Attending a 24-hour “hackathon” software design event in November, neither Greg Hosking nor Luke Jodice had experience with React Native, the coding language their group used. But, after many hours of work and very few hours of sleep, their group emerged from the competition with an award-winning app.
Hosking and Jodice, along with Matthew Cruz and Jamyang “Z” Tamang, all students at Endicott College in Beverly, have coded a prototype application to record and securely store footage of police interactions or any interaction where someone feels unsafe.
“The really cool experience for me was that we used a programming language called React Native and personally I had never used it. I had other programming experiences with similar languages so I didn’t know nothing,” said Jodice, a junior computer science student at Endicott.
Their app differs from a standard phone camera in that the files aren’t stored locally on your phone – if anything happens to the device’s recording, the file will still be accessible from a user’s account. .
“The great thing about the app we’re working on is that if for some reason that video gets deleted from your phone or whatever happens to your phone, it will actually be in a safe place. rather than just being locally on your phone,” says Jodice.
The group developed the app prototype as part of WHACK, a virtual hackathon hosted by Wellesley College in partnership with Major League Hacking in November 2021.
Although a hackathon might conjure up images of coders sitting in dark rooms with green code on their screens, Hank Feild, associate professor of computer science at Endicott, said hackathons are actually a very social and productive experience.
“When you talk about a hacked system, we use the same word, but hackathons are the furthest from that. It’s not about compromising the system,” Feild said. to build something, to prototype something fairly quickly.”
During the hackathon, the team worked mostly on the front-end of the app, or what users would see, Jodice said. Matthew Cruz, one of the team members, came up with the original concept, and then the band used it.
“We were able to create an app where you can show your camera and flip it over, so the front camera as well as your back camera, and sort of configure the basics of the app, the different pages involved in that,” Jodice said. “Not really a ton of backend stuff, more like what you’d actually see when you open the app.”
At the end of the competition, the group’s application won the award for best hack for social good.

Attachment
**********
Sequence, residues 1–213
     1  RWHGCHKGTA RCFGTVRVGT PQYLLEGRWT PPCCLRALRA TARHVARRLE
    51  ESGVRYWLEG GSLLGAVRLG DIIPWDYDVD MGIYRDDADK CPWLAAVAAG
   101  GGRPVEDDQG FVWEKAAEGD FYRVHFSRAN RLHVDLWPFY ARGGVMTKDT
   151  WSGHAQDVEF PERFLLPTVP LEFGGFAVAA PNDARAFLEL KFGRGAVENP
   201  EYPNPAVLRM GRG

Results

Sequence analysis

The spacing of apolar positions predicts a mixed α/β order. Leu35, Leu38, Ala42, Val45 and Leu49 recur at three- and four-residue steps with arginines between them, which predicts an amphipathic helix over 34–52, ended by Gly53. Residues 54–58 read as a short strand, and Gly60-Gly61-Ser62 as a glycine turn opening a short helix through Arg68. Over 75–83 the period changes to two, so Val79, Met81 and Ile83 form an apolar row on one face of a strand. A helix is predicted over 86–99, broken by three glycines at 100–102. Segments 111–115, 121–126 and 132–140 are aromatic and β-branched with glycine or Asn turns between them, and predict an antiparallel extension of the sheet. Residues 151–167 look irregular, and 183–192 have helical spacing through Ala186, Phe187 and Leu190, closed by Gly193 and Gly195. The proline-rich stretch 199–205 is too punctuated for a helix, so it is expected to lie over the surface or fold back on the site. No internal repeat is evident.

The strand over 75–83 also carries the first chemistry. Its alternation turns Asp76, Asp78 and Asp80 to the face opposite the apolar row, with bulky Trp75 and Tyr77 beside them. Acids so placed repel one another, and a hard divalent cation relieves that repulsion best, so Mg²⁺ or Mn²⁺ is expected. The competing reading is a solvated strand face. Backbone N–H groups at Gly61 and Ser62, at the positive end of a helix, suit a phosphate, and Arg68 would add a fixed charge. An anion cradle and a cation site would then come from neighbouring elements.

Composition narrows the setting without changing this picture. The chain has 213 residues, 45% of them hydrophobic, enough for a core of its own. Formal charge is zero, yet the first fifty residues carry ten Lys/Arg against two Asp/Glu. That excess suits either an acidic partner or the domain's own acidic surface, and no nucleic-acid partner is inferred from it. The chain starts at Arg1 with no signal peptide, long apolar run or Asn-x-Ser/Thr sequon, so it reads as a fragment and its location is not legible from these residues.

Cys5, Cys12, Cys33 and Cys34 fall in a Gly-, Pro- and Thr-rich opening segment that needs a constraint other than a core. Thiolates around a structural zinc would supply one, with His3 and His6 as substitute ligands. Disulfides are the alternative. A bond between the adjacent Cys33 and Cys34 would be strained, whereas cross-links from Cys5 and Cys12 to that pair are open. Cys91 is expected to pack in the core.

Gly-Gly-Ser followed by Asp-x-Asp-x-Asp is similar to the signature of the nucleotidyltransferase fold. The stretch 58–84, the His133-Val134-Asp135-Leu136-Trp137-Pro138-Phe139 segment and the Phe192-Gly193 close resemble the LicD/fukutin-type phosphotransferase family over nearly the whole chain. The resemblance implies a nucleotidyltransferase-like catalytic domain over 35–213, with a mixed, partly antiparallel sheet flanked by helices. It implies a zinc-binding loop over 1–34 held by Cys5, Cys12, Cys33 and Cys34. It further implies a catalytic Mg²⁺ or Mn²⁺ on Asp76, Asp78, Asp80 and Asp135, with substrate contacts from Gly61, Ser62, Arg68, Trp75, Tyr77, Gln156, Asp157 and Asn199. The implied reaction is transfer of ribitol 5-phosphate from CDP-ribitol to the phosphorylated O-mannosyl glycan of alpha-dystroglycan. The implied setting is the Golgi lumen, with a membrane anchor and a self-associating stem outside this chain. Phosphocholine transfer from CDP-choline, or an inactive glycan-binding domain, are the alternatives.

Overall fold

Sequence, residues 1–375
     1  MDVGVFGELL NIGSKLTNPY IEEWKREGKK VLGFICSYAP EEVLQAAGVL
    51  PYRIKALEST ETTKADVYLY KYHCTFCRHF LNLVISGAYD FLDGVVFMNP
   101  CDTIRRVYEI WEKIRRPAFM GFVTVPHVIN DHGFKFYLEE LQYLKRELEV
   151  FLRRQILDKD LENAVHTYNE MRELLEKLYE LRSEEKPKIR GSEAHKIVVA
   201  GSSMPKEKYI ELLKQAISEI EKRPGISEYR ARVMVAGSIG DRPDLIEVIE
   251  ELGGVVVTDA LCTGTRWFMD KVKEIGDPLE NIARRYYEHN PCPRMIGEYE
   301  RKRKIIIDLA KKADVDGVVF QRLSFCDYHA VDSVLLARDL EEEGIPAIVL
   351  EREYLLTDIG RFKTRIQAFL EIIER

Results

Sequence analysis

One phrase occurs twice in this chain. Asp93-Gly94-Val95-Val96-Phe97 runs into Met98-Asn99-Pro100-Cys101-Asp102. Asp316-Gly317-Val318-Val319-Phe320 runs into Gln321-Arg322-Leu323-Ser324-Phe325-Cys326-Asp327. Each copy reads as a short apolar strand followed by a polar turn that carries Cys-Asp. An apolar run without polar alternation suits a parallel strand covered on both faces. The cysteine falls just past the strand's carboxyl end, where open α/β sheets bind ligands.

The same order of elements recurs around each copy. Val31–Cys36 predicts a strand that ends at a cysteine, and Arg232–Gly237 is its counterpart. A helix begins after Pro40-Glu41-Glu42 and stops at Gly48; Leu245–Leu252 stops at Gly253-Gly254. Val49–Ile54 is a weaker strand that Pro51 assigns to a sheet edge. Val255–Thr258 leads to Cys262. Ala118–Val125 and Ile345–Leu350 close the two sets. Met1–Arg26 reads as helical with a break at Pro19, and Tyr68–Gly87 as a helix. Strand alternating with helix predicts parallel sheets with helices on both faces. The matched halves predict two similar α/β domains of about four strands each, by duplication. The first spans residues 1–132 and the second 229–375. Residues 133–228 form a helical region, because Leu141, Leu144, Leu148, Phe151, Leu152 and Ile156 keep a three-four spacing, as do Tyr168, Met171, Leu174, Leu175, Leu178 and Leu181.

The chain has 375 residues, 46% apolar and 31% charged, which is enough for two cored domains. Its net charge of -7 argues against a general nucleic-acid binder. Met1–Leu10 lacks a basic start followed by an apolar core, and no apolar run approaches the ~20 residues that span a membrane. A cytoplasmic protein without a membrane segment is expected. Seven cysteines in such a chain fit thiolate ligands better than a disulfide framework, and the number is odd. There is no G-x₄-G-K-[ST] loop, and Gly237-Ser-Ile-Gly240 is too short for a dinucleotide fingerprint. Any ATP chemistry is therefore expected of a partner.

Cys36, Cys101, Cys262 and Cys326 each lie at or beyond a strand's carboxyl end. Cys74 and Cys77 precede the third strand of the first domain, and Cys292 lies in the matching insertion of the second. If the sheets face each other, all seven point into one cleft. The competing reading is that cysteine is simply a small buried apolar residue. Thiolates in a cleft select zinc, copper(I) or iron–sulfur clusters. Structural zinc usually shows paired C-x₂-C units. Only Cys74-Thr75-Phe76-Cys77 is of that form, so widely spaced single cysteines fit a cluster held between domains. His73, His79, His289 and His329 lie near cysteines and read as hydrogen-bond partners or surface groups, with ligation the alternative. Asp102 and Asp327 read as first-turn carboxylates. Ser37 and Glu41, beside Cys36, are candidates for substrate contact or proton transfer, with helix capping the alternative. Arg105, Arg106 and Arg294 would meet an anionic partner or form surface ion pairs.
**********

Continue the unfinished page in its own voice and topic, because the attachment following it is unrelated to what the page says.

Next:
“What we launched during the hackathon was a prototype, it just does what it does and we hope to build on the network, sort of delete it and start from something cleaner [and] cooler and then go from there,” said Hosking, a sophomore studying computer science and applied math. “We absolutely want to review the interface and implement the appropriate back-end so that the user can access the videos.”
The group hopes to eventually launch the app on Google Play and Apple’s App Store, but Hosking said they’ll have to put in many hours of work before that’s possible. They hope to complete development this spring, before Tamang and Cruz graduate.
“As far as programming, like half the time, you’re just looking at an error wondering what’s going on and spending four hours debugging it, so there’s going to be plenty of hours for that,” Hosking said. “Hopefully this will fit into the time of our schedules this semester to work on it a few times a week and finish it by the end of the semester, maybe release it. That would be great.”
Jodice said he thinks the bulk of the work the group will undertake this spring will be to develop a system to create the profiles and store all the records.
Feild, the faculty sponsor of the university’s computer club, shared the opportunity to enter WHACK into the group, but let them take the reins from there.
“The team is made up of two seniors, a junior and a second,” Feild said. “It was just a really cool thing to see that it wasn’t like a cohort that was just a class of people taking classes together. … The fact that we were able to put them together and make them work quite seamlessly from the sounds, I think that was really cool.
Although the app can be used to record anything, Jodice said it’s meant to provide a level of accountability.
“I personally think it means a lot, especially if you look at the news from the last two years,” Jodice said. “I know a lot of law enforcement usually have the cameras, that would basically be the other side of the camera.”
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